People don’t think commentators can be good cricketers, but I’ve done what I have done, says Dinesh Karthik

The veteran wicketkeeper-batter — who has had his most explosive IPL season with the bat — says he wanted to finish on a good note; adds that the commentary stint has helped him become a better cricketer and a better person

Updated - May 21, 2024 05:48 am IST

Published - May 20, 2024 09:57 pm IST - BENGALURU

Royal Challengers Bengaluru batsman Dinesh Karthik.

Royal Challengers Bengaluru batsman Dinesh Karthik. | Photo Credit: K. Bhagya Prakash

In Royal Challengers Bengaluru’s rise from the dead — winning six matches on the bounce to storm into the playoffs — Dinesh Karthik’s has been an integral role. His 315 runs have come at a strike-rate of 195.65, his best across 17 seasons. The veteran wicket-keeper batter spoke to The Hindu ahead of Wednesday’s Eliminator against Rajasthan Royals.

Is there one single moment that helped change things?

I thought the SRH [Sunrisers Hyderabad] game midway... they scored 280 [287]. The way we came back with the bat [262] gave us confidence. Post that, we kind of turned it around. Even though the next result didn’t go our way [one-run loss to KKR], it worked for us as a team.

Did the freedom of playing every game as if there was nothing to lose help?

Definitely not going to say no. It was a place where you had nothing to lose. So why not do things differently. Though, you have to back that up with skill. It’d look rather silly if you don’t pull it off. You could definitely lose a lot of your pride and dignity.

We always knew we were a team with good skillsets. Though, there is no point having that in the shed and not bringing it to the ground. The support staff encouraged us to do that and the senior players have followed it up with their work on and off the field.

IPL-17 has been one of your best seasons. What have you done differently?

It is about understanding what the bowlers are trying to do when I come in and trying to counter that. Getting fitter and stronger are two things I have done off the field. I came in with this taboo of a commentator being a player. There was a lot of scepticism. That really challenged me. Not many would have been a commentator, gone on to represent their country in a World Cup and then had a good IPL season. Last year, it wasn’t a good IPL. So it was also about responding to all the questions that were asked.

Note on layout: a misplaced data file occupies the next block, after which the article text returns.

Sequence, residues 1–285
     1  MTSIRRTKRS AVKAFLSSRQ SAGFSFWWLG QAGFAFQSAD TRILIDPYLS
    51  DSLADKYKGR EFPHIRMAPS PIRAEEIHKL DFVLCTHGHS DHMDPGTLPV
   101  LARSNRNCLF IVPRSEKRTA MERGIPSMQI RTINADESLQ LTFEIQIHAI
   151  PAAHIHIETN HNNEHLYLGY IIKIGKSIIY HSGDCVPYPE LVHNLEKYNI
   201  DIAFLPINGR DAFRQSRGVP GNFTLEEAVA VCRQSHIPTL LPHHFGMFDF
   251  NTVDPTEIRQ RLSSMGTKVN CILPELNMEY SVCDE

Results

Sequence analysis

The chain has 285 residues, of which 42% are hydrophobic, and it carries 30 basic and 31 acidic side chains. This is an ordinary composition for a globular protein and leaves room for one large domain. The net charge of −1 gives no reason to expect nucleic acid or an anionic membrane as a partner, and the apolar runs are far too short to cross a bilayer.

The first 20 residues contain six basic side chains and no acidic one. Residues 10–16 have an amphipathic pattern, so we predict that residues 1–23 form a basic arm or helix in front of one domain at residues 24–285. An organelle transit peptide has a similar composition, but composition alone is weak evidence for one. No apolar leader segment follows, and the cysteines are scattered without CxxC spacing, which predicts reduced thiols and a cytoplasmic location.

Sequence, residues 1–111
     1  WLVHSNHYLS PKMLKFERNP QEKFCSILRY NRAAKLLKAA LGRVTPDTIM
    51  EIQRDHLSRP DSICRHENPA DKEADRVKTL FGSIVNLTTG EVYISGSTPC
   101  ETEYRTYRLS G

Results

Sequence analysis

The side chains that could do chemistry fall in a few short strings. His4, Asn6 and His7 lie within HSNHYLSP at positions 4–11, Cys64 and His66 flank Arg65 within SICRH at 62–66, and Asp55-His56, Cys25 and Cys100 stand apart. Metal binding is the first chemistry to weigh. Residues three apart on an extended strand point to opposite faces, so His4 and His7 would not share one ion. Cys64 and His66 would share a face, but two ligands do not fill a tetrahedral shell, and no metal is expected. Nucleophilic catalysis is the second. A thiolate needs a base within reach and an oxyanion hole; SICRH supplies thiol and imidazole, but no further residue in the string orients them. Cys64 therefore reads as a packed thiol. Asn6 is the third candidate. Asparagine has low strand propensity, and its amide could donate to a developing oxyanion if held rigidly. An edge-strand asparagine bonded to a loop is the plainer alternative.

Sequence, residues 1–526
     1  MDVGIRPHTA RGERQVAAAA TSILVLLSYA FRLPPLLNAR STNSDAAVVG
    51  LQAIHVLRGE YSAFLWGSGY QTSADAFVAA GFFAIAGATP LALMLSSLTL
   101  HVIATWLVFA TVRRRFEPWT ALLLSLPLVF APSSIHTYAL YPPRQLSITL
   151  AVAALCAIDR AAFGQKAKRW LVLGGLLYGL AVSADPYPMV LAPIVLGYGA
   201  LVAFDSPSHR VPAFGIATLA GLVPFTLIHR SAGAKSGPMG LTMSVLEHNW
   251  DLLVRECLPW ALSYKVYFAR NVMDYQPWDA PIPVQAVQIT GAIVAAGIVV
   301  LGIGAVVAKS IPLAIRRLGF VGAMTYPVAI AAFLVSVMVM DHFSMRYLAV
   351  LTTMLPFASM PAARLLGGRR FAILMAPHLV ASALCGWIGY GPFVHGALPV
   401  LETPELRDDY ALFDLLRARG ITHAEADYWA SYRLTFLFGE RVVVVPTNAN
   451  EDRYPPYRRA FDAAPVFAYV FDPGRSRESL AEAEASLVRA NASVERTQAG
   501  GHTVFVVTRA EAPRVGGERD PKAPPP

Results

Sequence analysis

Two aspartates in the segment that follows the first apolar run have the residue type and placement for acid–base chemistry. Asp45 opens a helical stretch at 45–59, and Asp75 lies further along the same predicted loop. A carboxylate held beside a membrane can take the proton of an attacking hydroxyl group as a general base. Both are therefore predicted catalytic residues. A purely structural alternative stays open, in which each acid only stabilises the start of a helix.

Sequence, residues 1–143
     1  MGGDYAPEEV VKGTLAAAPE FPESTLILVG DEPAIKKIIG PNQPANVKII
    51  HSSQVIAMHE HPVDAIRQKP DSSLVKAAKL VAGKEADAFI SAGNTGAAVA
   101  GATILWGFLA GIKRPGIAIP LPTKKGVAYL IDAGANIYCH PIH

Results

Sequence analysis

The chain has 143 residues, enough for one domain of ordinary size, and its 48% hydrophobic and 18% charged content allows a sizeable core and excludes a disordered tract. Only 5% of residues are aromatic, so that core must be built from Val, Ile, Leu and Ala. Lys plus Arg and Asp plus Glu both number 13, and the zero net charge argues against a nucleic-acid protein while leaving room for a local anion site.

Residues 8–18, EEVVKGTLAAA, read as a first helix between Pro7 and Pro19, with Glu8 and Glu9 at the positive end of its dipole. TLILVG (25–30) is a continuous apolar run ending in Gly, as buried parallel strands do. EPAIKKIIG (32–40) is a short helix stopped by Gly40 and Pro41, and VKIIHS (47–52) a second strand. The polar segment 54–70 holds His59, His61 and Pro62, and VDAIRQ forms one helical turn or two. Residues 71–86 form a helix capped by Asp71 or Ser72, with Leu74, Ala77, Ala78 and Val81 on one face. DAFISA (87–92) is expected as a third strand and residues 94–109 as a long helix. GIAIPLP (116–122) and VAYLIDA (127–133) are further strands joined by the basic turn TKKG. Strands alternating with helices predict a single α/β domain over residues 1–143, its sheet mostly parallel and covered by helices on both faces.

Has commentary helped your cricket?

Yes. To the point where I realised that you don’t need to take what’s being said about you too seriously. A lot of things are said in jest, and are not personal attacks. And you rub shoulders with the likes of Michael Atherton, Nasser Hussain, Ian Bishop and others. You not only learn about cricket but also about how they handle life. It increases your worldly knowledge and also helps elevate your self-esteem when you are talking to the world.

What drives you as a player? Do you take inspiration from other sportspersons?

Michael Jordan’s The Last Dance inspired me quite a bit. The reason to play sport changes at different points. For the longest time, it was about representing India and becoming the best wicketkeeper-batter. There were many who felt I couldn’t make a comeback and I pushed myself for that. Last season, it didn’t go well, so I wanted to finish on a good note. People don’t think commentators can be good cricketers, but today, I have done what I have done.

I don’t say a lot of things outside, but internalise and push myself. Like, on a day when I am doing commentary, I wake up at 6 and run. There is no need for that because I just have to talk about the game. But if I have to play IPL, I have to run.

If RCB goes all the way, will you play one more year?

It’s tricky. I don’t want to think too far ahead. I know what my endgame is and I will leave it at that.

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